Black Carbon Formation by SP2-induced Charring of OA

Sedlacek, A. J., Brookhaven National Laboratory

Aerosol Properties

Aerosol Processes

Sedlacek A, T Onasch, L Nichman, E Lewis, P Davidovits, A Freedman, and L Williams. 2018. "Formation of refractory black carbon by SP2-induced charring of organic aerosol." Aerosol Science and Technology, , doi:10.1080/02786826.2018.1531107.


Upper panel: the number of detected rBC (downward triangles) and pure scattering (diamonds) particles as a function of SP2 laser power for nigrosin. Lower panel, left axis: ratio of SP2-derived rBC particle mass to original particle mass as a function of laser power for nigrosin (red circles) and carbon black (red squares); right axis: number fraction of BC particles to total number of particles for nigrosin (green circles) and carbon black (green squares) as a function of laser power.


Upper panel: the ratio of the number fraction of rBC particles to total number of particles detected by the SP2 for fulvic and humic acids as a function of tube furnace temperature at a SP2 laser power of 4.3 V. Lower panel: number concentration of rBC and scattering fulvic acid particles at oven temperatures of 500 and 600 C as a function of the SP2 laser power. Similar behavior was observed for humic acid (not shown).


Upper panel: the number of detected rBC (downward triangles) and pure scattering (diamonds) particles as a function of SP2 laser power for nigrosin. Lower panel, left axis: ratio of SP2-derived rBC particle mass to original particle mass as a function of laser power for nigrosin (red circles) and carbon black (red squares); right axis: number fraction of BC particles to total number of particles for nigrosin (green circles) and carbon black (green squares) as a function of laser power.

Upper panel: the ratio of the number fraction of rBC particles to total number of particles detected by the SP2 for fulvic and humic acids as a function of tube furnace temperature at a SP2 laser power of 4.3 V. Lower panel: number concentration of rBC and scattering fulvic acid particles at oven temperatures of 500 and 600 C as a function of the SP2 laser power. Similar behavior was observed for humic acid (not shown).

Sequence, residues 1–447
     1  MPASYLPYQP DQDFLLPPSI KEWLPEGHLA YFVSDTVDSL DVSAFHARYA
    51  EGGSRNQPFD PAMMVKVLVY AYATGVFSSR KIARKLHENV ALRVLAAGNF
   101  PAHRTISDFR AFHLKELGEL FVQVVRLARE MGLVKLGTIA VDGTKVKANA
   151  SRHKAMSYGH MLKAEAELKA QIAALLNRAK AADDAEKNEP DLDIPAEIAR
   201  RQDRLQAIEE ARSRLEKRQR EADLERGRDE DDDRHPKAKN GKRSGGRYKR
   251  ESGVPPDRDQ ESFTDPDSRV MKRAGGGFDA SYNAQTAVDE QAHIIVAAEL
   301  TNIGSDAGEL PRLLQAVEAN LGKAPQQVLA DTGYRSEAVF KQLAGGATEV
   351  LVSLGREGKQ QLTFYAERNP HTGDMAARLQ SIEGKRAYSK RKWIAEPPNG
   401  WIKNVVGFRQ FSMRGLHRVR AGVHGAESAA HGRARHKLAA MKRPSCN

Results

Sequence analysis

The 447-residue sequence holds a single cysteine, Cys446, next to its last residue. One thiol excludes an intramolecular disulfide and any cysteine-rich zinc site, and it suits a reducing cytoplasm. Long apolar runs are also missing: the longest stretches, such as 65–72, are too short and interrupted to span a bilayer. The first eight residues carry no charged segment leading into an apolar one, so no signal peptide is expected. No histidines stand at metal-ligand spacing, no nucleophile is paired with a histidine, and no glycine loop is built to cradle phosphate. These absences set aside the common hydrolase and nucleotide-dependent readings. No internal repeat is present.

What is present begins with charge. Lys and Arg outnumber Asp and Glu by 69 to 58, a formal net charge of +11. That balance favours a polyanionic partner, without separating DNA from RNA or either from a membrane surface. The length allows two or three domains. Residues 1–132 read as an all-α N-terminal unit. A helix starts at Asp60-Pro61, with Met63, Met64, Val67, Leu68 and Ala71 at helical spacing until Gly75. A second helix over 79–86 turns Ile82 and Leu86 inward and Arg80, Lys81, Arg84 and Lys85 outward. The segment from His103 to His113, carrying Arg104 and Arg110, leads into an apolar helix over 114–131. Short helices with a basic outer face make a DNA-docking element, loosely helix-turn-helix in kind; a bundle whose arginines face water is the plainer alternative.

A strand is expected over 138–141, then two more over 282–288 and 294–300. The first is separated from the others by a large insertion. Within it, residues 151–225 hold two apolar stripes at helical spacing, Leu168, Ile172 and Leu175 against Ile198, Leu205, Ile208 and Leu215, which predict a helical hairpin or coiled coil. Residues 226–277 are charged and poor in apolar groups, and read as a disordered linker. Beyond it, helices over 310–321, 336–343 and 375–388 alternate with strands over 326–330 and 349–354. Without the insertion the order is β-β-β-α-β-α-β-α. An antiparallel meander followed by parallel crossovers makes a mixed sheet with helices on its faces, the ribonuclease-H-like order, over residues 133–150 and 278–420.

Science

Black carbon (BC) in the atmosphere continues to be a focus of research because its light-absorptive properties put it second only to CO2 as a warming agent of Earth’s climate. Towards this end, the measurement of ambient BC has been aided greatly by the development of the Single-Particle Soot Photometer (SP2) — an instrument that detects refractory black carbon (rBC) through laser-induced incandescence. Here, we report on the detection of rBC that is produced through SP2 laser-induced charring (i.e., carbonization) of organic aerosols.

Impact

Failure to properly account for this heretofore unidentified artifact of the SP2 will lead to an overestimate of rBC loadings in emission plumes containing near-IR absorbing organic aerosols, like tar balls, which could, in turn, impact aerosol radiative forcing model predictions.

Summary

We demonstrate that production of rBC can occur by charring of light-absorbing organic particles that did not originally contain rBC. This production of rBC has been observed for particle-containing substances that absorb at the SP2 laser wavelength (1064 nm) as a fundamental property of the substance (nigrosin), and for particles containing substances that are induced to absorb at the SP2 laser wavelength through thermally catalyzed chemical reactions such as may occur in a thermal denuder (fulvic acid and humic acid). Additionally, rBC was observed by the SP2 when sampling laboratory-generated tar balls — a type of carbonaceous particle that appears to be the nearly exclusive byproduct of some types of biofuel combustion/pyrolysis and wildfires — further expanding the relevance of this finding. This behavior could result in an overestimate of rBC, and thus misapportionment of BC and BrC, with implications for models attempting to simulate radiative forcing from biomass burning. Furthermore, the production of rBC from BrC could also be a factor in the BC/BrC correlations reported in the literature.